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Summer Reading Recommendations for Tweens and Teens

Jun24

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It’s that time again… the days are long and lazy, and if they’re not outside, seldom will you see my teenagers without a book in their hands. (True, their cell phones might be in their other hand, but still. I’m content to call it a victory.)

I’m sharing our book recommendations today with the same caveats I shared last year; namely, that my kids have their own (sometimes very specific) interests, and I do not censor their reading material in any way. That means sometimes they read stuff that I find absolutely uninteresting, or that they read books other people may find inappropriate for teens. Please use your own best judgment if you have concerns about the literature your children consume. I’ll do my best to warn of possible issues, but as always, my best advice when it comes to this sort of thing is simply: Read it yourself. Not only will that leave you with no questions about what your kids are reading, it’s sometimes the best way to discover a great read for yourself!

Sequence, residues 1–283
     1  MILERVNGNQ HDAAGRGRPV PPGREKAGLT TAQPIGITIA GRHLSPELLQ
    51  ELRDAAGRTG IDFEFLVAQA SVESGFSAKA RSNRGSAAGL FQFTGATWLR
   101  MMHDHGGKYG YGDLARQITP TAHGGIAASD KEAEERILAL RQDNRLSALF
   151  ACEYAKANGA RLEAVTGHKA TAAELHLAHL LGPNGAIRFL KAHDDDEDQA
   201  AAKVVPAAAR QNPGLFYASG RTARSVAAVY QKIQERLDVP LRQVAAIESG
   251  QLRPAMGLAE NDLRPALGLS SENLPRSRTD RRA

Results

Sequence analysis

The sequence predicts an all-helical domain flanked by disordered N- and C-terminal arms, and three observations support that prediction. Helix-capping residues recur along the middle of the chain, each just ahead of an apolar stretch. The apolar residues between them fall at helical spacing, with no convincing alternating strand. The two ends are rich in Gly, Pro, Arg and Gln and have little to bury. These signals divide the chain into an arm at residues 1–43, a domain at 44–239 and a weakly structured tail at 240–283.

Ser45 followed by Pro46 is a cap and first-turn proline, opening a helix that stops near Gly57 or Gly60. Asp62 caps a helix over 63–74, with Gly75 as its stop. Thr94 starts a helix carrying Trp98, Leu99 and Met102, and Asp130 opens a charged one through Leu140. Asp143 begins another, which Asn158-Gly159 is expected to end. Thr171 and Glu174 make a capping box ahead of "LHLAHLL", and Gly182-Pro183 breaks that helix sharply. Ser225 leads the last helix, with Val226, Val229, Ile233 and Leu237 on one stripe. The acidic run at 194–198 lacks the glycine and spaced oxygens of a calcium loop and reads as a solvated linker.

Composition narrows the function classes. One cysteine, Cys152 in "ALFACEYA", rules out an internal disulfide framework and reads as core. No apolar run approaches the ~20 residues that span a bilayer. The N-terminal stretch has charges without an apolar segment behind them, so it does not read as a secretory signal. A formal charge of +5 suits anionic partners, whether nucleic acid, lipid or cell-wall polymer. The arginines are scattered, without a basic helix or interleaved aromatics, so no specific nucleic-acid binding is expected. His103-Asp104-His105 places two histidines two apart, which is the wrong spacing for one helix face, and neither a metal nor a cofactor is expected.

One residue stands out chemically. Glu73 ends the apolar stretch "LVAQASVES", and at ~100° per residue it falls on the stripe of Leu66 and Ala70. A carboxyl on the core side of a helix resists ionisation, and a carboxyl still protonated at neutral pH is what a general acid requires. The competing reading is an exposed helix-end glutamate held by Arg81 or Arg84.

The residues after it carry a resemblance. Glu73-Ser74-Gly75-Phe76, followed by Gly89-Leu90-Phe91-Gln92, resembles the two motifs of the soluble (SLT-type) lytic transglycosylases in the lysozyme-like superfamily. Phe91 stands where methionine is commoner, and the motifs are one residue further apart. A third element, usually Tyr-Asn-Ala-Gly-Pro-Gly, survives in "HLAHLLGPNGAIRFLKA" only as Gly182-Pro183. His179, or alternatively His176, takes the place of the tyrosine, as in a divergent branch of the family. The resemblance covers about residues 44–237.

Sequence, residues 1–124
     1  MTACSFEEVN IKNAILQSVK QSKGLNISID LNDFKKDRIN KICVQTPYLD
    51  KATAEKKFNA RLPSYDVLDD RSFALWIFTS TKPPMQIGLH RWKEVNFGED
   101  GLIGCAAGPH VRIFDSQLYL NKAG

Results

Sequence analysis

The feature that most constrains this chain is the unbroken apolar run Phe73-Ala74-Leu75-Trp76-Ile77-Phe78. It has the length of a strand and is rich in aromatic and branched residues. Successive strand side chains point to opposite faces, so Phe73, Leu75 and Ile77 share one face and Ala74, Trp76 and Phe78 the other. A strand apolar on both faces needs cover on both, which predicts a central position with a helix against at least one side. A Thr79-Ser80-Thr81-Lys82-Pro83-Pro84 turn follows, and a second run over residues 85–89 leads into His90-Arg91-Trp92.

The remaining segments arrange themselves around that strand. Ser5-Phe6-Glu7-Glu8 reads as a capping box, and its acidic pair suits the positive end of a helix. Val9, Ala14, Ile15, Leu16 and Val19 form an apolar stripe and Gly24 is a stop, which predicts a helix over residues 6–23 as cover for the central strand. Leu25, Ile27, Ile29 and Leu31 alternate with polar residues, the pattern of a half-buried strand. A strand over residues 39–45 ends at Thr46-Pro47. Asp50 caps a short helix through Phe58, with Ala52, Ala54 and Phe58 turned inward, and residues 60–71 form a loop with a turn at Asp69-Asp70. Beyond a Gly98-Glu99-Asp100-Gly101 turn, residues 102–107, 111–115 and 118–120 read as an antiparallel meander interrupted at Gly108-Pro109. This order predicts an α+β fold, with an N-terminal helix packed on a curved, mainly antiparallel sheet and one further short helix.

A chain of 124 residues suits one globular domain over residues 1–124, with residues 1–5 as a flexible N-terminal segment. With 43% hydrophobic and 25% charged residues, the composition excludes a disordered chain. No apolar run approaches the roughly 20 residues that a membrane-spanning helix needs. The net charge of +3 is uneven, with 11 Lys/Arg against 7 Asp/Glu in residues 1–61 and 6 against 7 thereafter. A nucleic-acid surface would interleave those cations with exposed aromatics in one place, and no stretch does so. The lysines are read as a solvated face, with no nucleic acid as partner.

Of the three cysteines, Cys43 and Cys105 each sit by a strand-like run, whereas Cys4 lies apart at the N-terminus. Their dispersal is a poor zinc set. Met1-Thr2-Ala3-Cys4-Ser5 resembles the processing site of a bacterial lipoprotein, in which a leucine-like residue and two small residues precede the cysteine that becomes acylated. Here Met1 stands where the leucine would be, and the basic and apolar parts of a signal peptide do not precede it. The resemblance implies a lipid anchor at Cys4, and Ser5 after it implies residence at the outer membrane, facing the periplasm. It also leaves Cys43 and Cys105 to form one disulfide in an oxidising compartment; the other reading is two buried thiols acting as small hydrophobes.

Teen Son’s Book Recommendations